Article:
Political Theory

Hardship, Recompense, and Divine Law: Al-Fārābī on the “Virtue of Struggle”



This essay explores the political implications of the debate between medieval Islamic philosophy and theology regarding the soteriological importance of hardship. Reviewing key works by al-Ghazali and al-Zamakhshari, I show that these theologians assert that divine rewards in the afterlife must be earned through the fulfillment of burdensome religious obligations. I subsequently turn to al-Fārābī’s Fuṣūl Muntaza‘a. I argue that al-Fārābī, though ultimately critical of that version of piety that seeks to make earthly life difficult for the sake of divine reward, simultaneously advocates for the popular adoption of just such a view. Finally, I discuss the precise manner in which the Fuṣūl pertain to modern political debates in the Muslim world regarding the relationship between reason and revelation. I argue that al-Fārābī’s profound understanding of religious psychology makes clear the shortcomings of both a pious embrace of hardship as the key to salvation and a purely worldly politics.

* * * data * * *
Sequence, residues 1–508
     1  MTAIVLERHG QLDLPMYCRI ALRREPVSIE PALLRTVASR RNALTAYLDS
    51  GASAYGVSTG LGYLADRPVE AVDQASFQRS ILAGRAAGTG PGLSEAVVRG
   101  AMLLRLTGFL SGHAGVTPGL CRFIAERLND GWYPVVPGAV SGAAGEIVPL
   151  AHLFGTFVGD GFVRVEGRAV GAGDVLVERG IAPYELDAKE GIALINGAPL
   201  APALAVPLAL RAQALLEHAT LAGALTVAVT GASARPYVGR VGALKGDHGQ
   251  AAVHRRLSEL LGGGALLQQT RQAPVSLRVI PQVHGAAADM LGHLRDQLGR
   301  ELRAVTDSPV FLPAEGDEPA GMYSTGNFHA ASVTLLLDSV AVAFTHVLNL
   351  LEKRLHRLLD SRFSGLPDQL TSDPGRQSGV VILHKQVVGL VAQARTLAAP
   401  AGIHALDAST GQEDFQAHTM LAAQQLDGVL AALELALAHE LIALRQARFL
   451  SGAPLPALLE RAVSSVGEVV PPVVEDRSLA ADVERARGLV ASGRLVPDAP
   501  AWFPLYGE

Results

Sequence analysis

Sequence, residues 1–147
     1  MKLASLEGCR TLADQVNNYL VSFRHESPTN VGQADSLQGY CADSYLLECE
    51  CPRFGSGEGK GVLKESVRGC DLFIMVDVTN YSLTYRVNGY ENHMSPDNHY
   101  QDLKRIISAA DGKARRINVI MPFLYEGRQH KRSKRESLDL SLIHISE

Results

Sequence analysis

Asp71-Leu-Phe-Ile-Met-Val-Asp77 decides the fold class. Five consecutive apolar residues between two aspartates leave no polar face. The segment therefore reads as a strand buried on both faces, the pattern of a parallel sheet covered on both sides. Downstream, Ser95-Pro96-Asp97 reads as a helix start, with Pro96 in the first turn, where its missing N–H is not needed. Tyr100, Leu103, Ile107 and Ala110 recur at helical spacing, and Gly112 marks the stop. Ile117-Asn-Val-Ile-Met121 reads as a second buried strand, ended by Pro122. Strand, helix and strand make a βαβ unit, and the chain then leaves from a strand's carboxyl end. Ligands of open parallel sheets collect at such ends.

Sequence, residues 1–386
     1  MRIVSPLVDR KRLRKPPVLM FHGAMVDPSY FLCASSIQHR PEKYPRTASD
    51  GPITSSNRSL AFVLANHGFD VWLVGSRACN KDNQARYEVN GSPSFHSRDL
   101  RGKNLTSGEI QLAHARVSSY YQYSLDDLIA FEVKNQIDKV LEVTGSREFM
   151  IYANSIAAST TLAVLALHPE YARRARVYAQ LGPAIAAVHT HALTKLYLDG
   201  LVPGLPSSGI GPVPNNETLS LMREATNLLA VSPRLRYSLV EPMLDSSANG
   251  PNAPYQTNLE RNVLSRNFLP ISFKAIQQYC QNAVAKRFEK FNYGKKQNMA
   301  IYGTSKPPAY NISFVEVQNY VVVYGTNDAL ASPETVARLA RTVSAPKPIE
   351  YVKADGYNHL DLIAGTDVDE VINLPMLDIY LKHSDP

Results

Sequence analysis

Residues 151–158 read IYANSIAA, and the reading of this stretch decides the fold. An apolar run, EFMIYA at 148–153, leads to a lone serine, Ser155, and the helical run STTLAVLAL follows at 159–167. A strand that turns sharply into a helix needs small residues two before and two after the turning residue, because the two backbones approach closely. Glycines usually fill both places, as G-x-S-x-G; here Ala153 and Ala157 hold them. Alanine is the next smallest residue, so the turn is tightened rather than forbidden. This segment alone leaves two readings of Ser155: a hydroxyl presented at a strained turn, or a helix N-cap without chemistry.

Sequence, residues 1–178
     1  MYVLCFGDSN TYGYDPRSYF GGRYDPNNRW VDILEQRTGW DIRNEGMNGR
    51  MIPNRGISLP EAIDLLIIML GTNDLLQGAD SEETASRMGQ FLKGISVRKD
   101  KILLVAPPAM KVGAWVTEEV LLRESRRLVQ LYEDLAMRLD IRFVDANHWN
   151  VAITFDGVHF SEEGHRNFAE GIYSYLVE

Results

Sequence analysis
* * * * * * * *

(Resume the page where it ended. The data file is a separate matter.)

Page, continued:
Thumbnail image of siddiqi_apsa.pdf


Log in or register with APSA to comment
Comments are not moderated before they are posted, but they can be removed by the site moderators if they are found to be in contravention of our Commenting Policy [opens in a new tab] – please read this policy before you post. Comments should be used for scholarly discussion of the content in question. You can find more information about how to use the commenting feature here [opens in a new tab] .